Let me explain by example. FFmpeg video decoders typically work by converting one video frame per call to avcodec_decode_video2. So the input is expected to be "one image" worth of bitstream data. Let's consider this issue of going from a file (an array of bytes of disk) to images for a second.

For "raw" (annexb) H264 (.h264/.bin/.264 files), the individual nal unit data (sps/pps header bitstreams or cabac-encoded frame data) is concatenated in a sequence of nal units, with a start code (00 00 01 XX) in between, where XX is the nal unit type. (In order to prevent the nal data itself to have 00 00 01 data, it is RBSP escaped.) So a h264 frame parser can simply cut the file at start code markers. They search for successive packets that start with and including 00 00 01, until and excluding the next occurence of 00 00 01. Then they parse the nal unit type and slice header to find which frame each packet belongs to, and return a set of nal units making up one frame as input to the h264 decoder.

H264 data in .mp4 files is different, though. You can imagine that the 00 00 01 start code can be considered redundant if the muxing format already has length markers in it, as is the case for mp4. So, to save 3 bytes per frame, they remove the 00 00 01 prefix. They also put the PPS/SPS in the file header instead of prepending it before the first frame, and these also miss their 00 00 01 prefixes. So, if I were to input this into the h264 decoder, which expects the prefixes for all nal units, it wouldn't work. The h264_mp4toannexb bitstream filter fixes this, by identifying the pps/sps in the extracted parts of the file header (ffmpeg calls this "extradata"), prepending this and each nal from individual frame packets with the start code, and concatenating them back together before inputting them in the h264 decoder.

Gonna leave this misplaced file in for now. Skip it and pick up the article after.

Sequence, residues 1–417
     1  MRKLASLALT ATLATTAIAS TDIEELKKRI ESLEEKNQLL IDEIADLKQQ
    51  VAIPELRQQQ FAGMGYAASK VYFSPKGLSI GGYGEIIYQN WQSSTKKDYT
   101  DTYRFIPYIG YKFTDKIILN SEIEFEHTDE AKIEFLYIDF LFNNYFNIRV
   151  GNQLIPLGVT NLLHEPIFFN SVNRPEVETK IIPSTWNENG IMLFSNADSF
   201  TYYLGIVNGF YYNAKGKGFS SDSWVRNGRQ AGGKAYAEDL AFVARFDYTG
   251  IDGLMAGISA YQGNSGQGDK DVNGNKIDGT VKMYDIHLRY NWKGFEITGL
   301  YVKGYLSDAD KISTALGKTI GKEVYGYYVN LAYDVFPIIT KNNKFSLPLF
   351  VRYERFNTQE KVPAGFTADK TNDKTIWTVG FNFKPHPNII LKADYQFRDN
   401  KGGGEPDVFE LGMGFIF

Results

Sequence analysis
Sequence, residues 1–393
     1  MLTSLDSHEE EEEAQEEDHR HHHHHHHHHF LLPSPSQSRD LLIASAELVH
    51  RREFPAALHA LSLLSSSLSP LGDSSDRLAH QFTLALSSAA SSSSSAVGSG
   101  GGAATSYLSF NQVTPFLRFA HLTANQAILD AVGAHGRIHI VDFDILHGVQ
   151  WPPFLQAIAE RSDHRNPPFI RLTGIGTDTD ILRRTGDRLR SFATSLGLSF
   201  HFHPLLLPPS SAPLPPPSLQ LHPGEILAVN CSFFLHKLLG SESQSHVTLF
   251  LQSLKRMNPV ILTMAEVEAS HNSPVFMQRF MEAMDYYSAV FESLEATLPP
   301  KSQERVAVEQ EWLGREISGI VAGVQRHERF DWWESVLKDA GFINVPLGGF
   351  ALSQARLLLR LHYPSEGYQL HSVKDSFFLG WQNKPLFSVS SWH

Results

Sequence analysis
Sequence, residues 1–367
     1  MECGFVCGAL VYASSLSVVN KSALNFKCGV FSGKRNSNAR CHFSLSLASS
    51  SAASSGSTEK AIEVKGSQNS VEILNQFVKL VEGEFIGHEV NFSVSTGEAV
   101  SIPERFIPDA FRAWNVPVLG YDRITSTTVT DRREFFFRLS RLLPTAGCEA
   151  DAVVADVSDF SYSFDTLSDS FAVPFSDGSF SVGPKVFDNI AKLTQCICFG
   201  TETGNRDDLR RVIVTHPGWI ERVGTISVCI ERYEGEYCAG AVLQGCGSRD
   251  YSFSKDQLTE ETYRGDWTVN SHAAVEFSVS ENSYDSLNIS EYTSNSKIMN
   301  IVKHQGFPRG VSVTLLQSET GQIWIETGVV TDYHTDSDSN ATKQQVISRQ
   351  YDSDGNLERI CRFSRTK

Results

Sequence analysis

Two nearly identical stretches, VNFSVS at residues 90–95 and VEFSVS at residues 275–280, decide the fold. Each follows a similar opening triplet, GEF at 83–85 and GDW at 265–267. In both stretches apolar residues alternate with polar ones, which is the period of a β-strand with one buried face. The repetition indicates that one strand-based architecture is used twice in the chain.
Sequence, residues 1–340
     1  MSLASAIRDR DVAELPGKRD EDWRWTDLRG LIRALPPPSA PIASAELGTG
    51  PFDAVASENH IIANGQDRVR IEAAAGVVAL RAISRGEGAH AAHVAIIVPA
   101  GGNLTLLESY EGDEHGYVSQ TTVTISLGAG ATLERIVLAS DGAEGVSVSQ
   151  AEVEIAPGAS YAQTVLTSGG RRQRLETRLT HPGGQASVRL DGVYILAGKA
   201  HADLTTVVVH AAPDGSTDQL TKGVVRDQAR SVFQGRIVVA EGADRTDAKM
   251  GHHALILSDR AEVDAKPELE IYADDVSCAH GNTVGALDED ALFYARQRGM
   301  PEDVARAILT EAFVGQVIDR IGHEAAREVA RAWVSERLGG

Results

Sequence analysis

You might now feel that there's a very fine line distinction between a "parser" and a "bitstream filter". This is true. I think the official definition is that a parser takes a sequence of input data and splits it in frames without discarding any data or adding any data. The only thing a parser does is change packet boundaries. A bitstream filter, on the other hand, is allowed to actually modify the data. I'm not sure this definition is entirely true (see e.g. vp9 below), but it's the conceptual reason mp4toannexb is a BSF, not a parser (because it adds 00 00 01 prefixes).


  • Digital Video Basics

  • AV and FFmpeg Basics\


  • Closed Captions (CEA 608/708)


  • 360 / VR